Post-Brexit rules on antibiotic use on farms water down EU laws, experts say | Farming

New rules intended to reduce the use of antibiotics in farming in the UK have been criticised as too lax and weaker than their equivalent under EU laws.

The updated regulations come into force on Friday. They ban the routine use of antibiotics on farm animals, and specifically their use to “compensate for poor hygiene, inadequate animal husbandry, or poor farm management practices”.

Experts, however, say there are loopholes in the legislation that are closed off under EU laws in place since 2022, and by which the UK would be bound if it were still a member state.

Ministers repeatedly promised, before and after Brexit, that farming and food standards in the UK would not be watered down after leaving the EU. The Guardian, however, has revealed numerous examples of environmental rules that have been weakened, from regulations on air pollution and water quality to pesticide use and agricultural emissions.

This latest divergence is of particular concern because the overuse of antibiotics in farming has dire consequences for human health. The UK’s former chief medical officer Sally Davies said in an interview with the Guardian earlier this week that antibiotic overuse was leading to the rise of near-invincible superbugs that pose a severe threat to human health, making previously minor ailments deadly and threatening to make routine operations unsafe.

About two-thirds of antibiotics globally are used on farm animals, and they are often used indiscriminately either to promote growth or to try to prevent infections that arise from overcrowding, poor management and insanitary conditions on factory farms.

The EU has taken strong steps to clamp down on overuse on its farms. Prof Roberto La Ragione, the head of the school of biosciences at the University of Surrey and a fellow of the Royal College of Pathologists, said preventing overuse was of vital importance.

“Antibiotics are critical to human and animal medicine, but the emergence of resistance is a global concern,” he said. “Therefore we must reduce their use to help stop the emergence and spread of resistance.

“We know that animal health and welfare are inextricably linked with our own, so it is vital that antibiotic resistance is tackled in humans and animals, and we can all play a part, from the scientific community to pet owners, vets, doctors, pharmacists, companies, farmers and the government.”

Under the new rules, it will still be possible to feed antibiotics prophylactically to large groups of animals, a practice campaigners say is effectively the same as, and just as dangerous as, routine use. The guidelines say this prophylaxis should only be “in exceptional circumstances”, but questions in parliament by the shadow minister Daniel Zeichner elicited a response from the farming minister Mark Spencer that this would include “where there would be a risk of infection or severe consequences if antibiotics were not applied”.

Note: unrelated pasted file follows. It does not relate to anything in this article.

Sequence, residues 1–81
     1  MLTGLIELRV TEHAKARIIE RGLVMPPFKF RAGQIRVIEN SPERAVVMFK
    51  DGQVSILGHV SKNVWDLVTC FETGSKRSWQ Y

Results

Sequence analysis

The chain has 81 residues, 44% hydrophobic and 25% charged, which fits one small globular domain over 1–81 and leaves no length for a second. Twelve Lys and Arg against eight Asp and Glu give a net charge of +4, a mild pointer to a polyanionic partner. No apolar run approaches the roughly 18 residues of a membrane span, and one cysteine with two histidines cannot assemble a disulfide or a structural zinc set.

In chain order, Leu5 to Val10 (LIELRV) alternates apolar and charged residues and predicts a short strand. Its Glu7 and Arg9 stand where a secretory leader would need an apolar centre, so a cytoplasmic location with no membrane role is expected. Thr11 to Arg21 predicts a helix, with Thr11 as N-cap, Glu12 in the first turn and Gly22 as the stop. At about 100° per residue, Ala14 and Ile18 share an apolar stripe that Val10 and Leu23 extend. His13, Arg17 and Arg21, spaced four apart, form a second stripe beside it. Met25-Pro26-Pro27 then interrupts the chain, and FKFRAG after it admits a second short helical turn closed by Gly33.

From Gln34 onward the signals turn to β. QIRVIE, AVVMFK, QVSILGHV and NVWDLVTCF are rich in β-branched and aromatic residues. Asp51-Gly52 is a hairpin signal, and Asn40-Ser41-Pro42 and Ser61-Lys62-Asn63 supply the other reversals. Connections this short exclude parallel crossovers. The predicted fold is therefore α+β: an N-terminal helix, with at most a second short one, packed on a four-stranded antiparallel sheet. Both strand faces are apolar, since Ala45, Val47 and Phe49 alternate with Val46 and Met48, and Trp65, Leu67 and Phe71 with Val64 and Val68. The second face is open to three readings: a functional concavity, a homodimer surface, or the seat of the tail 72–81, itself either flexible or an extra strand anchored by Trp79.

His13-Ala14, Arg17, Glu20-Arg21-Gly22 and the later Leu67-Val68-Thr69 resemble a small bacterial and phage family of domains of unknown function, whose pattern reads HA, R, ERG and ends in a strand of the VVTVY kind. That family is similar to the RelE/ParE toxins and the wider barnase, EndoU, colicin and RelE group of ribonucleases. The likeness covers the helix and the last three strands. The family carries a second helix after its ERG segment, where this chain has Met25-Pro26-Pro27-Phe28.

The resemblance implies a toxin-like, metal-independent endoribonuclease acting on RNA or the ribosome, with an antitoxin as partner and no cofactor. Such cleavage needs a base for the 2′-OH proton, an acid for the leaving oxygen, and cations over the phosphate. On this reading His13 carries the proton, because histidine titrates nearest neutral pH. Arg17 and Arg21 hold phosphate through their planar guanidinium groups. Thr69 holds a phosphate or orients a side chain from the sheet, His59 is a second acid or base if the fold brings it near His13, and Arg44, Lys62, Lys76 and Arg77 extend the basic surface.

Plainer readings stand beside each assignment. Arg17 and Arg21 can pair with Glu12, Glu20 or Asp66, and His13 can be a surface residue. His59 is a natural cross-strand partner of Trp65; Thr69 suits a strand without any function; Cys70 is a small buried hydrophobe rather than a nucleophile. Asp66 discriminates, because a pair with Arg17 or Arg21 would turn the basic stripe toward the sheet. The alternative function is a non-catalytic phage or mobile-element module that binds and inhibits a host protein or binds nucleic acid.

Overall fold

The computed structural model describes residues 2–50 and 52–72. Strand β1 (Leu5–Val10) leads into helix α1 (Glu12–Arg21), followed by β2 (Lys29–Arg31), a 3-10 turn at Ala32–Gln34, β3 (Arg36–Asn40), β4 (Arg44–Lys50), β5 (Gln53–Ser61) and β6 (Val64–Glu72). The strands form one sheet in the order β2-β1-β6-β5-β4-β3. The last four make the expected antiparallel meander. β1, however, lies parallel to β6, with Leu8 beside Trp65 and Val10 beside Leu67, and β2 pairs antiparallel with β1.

Coílín Nunan, a scientist adviser at the Alliance to Save Our Antibiotics, said this meant widespread prophylactic use on large groups of animals would still occur frequently, because when animals are kept in highly intensive conditions there is often significant risk of infection.

EU rules ban antibiotics for group prophylaxis, which is limited to an individual animal only.

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Nunan said: “Unfortunately the government has deliberately weakened the legislation in comparison to the EU, and this will allow some poorly run farms to keep on feeding large groups of animals antibiotics, even when no disease is present.

“We are also concerned the ban on using antibiotics to compensate for inadequate animal husbandry and poor farm management practices may not be properly implemented.”

The Alliance to Save Our Antibiotics wants the government to ban group prophylaxis, introduce mandatory data collection from farms on their use of antibiotics, set tougher targets for the reduction of farm antibiotic use and improve animal welfare and husbandry standards.

UK farming and veterinary oversight continue to be in turmoil after Brexit. There is a shortage of vets, and higher workloads as a result of the changes to animal certification and increased bureaucracy related to animal exports and imports.

A spokesperson for the Veterinary Medicines Directorate said: “We do not support the routine use of antibiotics, including where antibiotics are used to compensate for inadequate farming practices. However, a blanket ban of prophylaxis could be harmful to animal health and welfare, while also increasing the risk of diseases spreading.”

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